A weekend interview with Mike Grego, special adviser to the Florida education commissioner
Mike Grego only planned to work in Tallahassee as K-12 education chancellor for a few months, helping pave the way for a new commissioner and chancellor to take over. His replacement has started, his new job found. But Grego has one final task to complete before moving on: He's steering the state's request for a No Child Left Behind waiver. Grego, a former Hillsborough assistant superintendent and Osceola superintendent, spoke with reporter Jeff Solochek about the state's desire to get some flexibility from the federal rules. [Orlando Sentinel photo]
Why did the state decide to pursue the waiver?
The flexibility waiver provides the states an opportunity to ... eliminate the duplication and, many times, the confusion by having these two separate accountability systems. We are proposing to move to a single accountability system until the ESEA is reauthorized. That is without a doubt the best situation. But we're getting to points where we have schools where there is such great discrepancy between the state accountability system and the federal one.
Isn't the federal system one that keeps everyone on their toes, though, by forcing them to look at every single subgroup in a way that the state doesn't?
Right. And you'll see because it's a draft application, part of the requirement for a waiver from the ESEA is to continue to look at the subgroups. So we are looking at ways of implementing those same subgroups. I agree. When you look at all subgroups, you are looking at all students. We are looking at ways of counting all students within our state grading system too. And we are moving toward that. Now, our bottom 25 percent has truly demonstrated that we are closing the achievement gap. We are raising the floor for many students, increasing higher standards. ... We are not really able to abandon those subgroups.
I know there were concerns originally that states all have different sets of standards, and they wanted to have one standard. Would this take us back to a place where a Florida review of a school would be quite different from a Nevada, or another state?
I think the department's challenge is to review the proposals. ... I think their goal is to not back away from accountability or rigorous accountability, but rather demonstrate that state like Florida - and Florida has been a leading state in terms of their accountability system. We've demonstrated over the last 10 years an increase in standards. We're moving toward the common core. We're moving toward the PARCC assessments. We're moving toward more rigorous standards as we speak. We have consistenly through the years increased those standards. Our schools have responded. Our letter grades continue to go up. Our percentage of students at level one and level two continue to decrease.
On the other side of it then, by getting a waiver does the state have to give up too much of its local control? Didn't they make specific demands to get a waiver?
Well, probably just the opposite. What we're looking at is to use our accountability system in its entirety. Also, we're using what they refer to as a recognition system. Florida has a very robust recognition system of schools that are A schools and schools that have improved a letter grade or more. They are also looking for very robust and bold teacher and administrator evaluation systems. Through the Race to the Top proposal, we are certainly demonstrating that. They are looking at states that have very complete assessment systems. Florida ranks in that too. Part of the advantage that Florida has at this point is that we've spent a year in the Race to the Top proposal. The college ready and career ready standards are in there, and they're in the flexibility waiver proposal too. .. Parallels between our current system and what they are requesting in this flexibility proposal are amazingly similar.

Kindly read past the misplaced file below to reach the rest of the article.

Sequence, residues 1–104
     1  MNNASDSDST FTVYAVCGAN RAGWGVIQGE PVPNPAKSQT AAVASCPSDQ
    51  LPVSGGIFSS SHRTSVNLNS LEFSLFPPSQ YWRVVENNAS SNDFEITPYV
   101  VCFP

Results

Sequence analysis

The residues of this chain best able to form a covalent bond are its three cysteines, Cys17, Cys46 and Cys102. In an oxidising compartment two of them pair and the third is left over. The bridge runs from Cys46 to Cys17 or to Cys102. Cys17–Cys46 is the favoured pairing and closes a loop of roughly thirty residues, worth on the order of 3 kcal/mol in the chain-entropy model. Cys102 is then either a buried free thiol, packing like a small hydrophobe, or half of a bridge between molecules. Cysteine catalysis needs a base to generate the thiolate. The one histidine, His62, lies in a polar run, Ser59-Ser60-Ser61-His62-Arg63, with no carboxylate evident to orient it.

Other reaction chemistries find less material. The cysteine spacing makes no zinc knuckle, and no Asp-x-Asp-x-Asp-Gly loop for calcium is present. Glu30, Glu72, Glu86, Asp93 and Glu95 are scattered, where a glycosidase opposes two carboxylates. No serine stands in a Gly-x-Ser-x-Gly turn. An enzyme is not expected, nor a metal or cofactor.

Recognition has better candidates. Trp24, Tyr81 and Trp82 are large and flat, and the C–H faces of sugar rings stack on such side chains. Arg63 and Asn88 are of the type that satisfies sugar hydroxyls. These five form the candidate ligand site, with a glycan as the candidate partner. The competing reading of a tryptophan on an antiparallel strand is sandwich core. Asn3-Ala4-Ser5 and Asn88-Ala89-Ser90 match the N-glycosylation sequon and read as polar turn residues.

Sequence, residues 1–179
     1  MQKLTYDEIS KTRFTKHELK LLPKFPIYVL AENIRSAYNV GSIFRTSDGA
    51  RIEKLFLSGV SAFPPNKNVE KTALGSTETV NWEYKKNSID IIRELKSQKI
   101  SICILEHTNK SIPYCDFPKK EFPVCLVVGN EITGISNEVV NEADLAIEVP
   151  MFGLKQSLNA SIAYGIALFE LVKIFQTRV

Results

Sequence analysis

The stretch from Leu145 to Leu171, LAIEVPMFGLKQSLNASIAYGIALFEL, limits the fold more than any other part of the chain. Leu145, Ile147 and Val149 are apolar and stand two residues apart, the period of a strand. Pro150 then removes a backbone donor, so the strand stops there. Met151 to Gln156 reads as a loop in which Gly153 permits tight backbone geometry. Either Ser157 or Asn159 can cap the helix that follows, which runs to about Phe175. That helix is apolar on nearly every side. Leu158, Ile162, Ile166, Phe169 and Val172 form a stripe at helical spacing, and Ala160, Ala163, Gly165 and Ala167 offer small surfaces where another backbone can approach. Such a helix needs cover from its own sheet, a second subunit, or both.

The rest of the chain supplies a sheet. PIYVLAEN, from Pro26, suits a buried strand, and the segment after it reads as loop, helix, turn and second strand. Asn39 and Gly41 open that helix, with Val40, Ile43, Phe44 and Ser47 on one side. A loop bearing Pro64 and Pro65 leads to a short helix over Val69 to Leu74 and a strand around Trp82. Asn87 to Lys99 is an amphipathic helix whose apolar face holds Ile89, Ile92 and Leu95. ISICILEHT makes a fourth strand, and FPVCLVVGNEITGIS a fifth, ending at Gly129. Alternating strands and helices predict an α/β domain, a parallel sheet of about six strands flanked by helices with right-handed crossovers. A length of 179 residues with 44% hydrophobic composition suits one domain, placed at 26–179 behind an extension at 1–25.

How does the FCAT 2.0 and the cut scores and all that tie in?
It's another means of demonstrating that the state of Florida on its own is increasing its standards, incerasing the rigor not only of the assessment but also of the cut scores. ...
What do you think is the key aspect of this waiver aside from eliminating the confusion? Is there something that will really allow the state to do something it hasn't been able to do before?
It will allow some flexibility perhaps if we are approved. ... We will take a look at some of the expenditures of the Title I funds. It will perhaps it will give us the ability to keep it the same, modify it based on our waiver or really ensure that dollars are being spent on students and in schools where they really need it to be.
That means the money might be able to be spent outside of Title I schools as well?
We'll examine that. They are providing that. That is something the state board and the commissioner will take a look at. But first things first. ...
Are there any other hurdles you perceive?
No. The main thing to keep in mind is that this is a stopgap measure ... The real work is in the reauthorization of the ESEA. This provides the federal government some models that states have been using. ... They may glean things from the state of Florida or many of the states are working with. It can help in the process of reauthorization. ... It is truly something we as a state have been struggling with.... This is not in any way a retreat on accountability.